Do pets benefit a community?

There has been a lot of focus on studies that show how pets benefits their humans but not a lot beyond the individual focus–until a couple of years ago.

Lisa Wood, a PhD candidate at the University of Western Australia conducted a study about pet ownership and social interactions. Basically, her results were that if you want to make more friends—get a pet.

Pet owners (and dog owners in particular) were found to be more social and likely to greet, chat, and exchange favors with those in the neighborhood.

More than half of the pet owners said that their pets helped to catalyze friendships around their suburbs. Many more pet owners said that walking their pets sparked conversations with others.

Okay, so what about other pets owners? Wood’s Study found that even goldfish owners were friendlier than those who didn’t own any pets.

During all the years I’ve worked with animals I’ve found that people will open up and chat about their pets in social situations.

If you want to see enthusiastic conversations begin at a stiff social gathering, ask about pets and see what happens, that simple action usually sparks lively conversation over that common interest and seems to bond people more quickly than any other.

Wood’s research was the first to look at pet ownership as social capital, using it to build cooperation and trust within communities.

Here in my little town, I am a good example of that. I know all the dogs around the neighborhood and many of the pet owners know me by default.

Just the other day one of the pups came running out to greet me since I haven’t seen him in months. Of course the owner followed which resulted in a long discussion while the dog leaned against me and happily wagged his tail.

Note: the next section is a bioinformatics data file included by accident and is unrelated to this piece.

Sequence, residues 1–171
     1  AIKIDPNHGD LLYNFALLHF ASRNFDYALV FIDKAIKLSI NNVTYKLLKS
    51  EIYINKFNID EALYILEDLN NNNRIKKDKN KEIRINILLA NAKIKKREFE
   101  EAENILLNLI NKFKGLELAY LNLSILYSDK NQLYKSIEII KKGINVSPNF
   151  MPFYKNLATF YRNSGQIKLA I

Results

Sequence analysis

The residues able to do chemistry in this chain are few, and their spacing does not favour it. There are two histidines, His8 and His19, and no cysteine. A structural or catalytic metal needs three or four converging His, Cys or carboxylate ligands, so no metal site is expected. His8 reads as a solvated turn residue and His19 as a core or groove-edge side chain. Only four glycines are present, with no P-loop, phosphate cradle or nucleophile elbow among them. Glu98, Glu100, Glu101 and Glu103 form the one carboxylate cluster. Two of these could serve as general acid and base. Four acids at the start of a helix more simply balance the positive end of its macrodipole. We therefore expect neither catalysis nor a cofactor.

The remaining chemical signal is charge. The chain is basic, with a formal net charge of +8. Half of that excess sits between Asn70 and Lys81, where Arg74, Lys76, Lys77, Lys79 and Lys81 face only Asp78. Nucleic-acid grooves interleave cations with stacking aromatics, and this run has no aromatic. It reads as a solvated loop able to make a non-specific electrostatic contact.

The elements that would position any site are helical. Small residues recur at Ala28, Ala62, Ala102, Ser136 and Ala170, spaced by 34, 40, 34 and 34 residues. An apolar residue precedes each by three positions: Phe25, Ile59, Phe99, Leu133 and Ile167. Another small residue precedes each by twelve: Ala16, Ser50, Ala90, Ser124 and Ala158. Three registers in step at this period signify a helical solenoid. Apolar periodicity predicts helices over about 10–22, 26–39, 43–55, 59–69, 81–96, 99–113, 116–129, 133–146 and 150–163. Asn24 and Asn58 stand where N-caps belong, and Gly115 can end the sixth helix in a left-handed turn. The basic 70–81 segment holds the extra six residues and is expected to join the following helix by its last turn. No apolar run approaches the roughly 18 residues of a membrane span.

The study which was published in Social Science and Medicine suggests that owning a pet motivates people to get out to walk, visit local parks, and provides many more opportunities to meet new people.

At the moment I am without any household pets. The loss of my last two animals was hard on me and I’ve decided to wait before obtaining another critters. However, I am the unofficial auntie to a wide variety of pets in my town.

This makes me the social maven of my small community.

Down the road I stop by to visit Shadow and Katie (both dogs). Earlier this year Shadow and I would take long hikes into the woods and through town…so much so that everybody thinks that she is my dog!

I’ve know Shadow since the day she was born and am motivated to get out to take a stroll even if the visit is just for a short interlude.

In my neighborhood, walks to Shadow’s home should take only about ten minutes but the neighborhood interactions along the way often extend this time to a half-an-hour or more.

Not too long ago my walks took a long time because I had to greet all my dog pals on the way to and from my destinations.

Locally people told a reporter that I am the Pied Piper because most of the community dogs will join me on walks or follow me back to their homes while I tell them they should not be meandering down the streets.

I sometimes find it funny that there always has to be a scientific study to verify what many of us already know (or suspect) is true.

Ultimately what the study revealed is that pets help maintain good mental health and catalyze more community involvement.

Read The Pet Connection: Pets as a Conduit for Social Capital at Social Science and Medicine.

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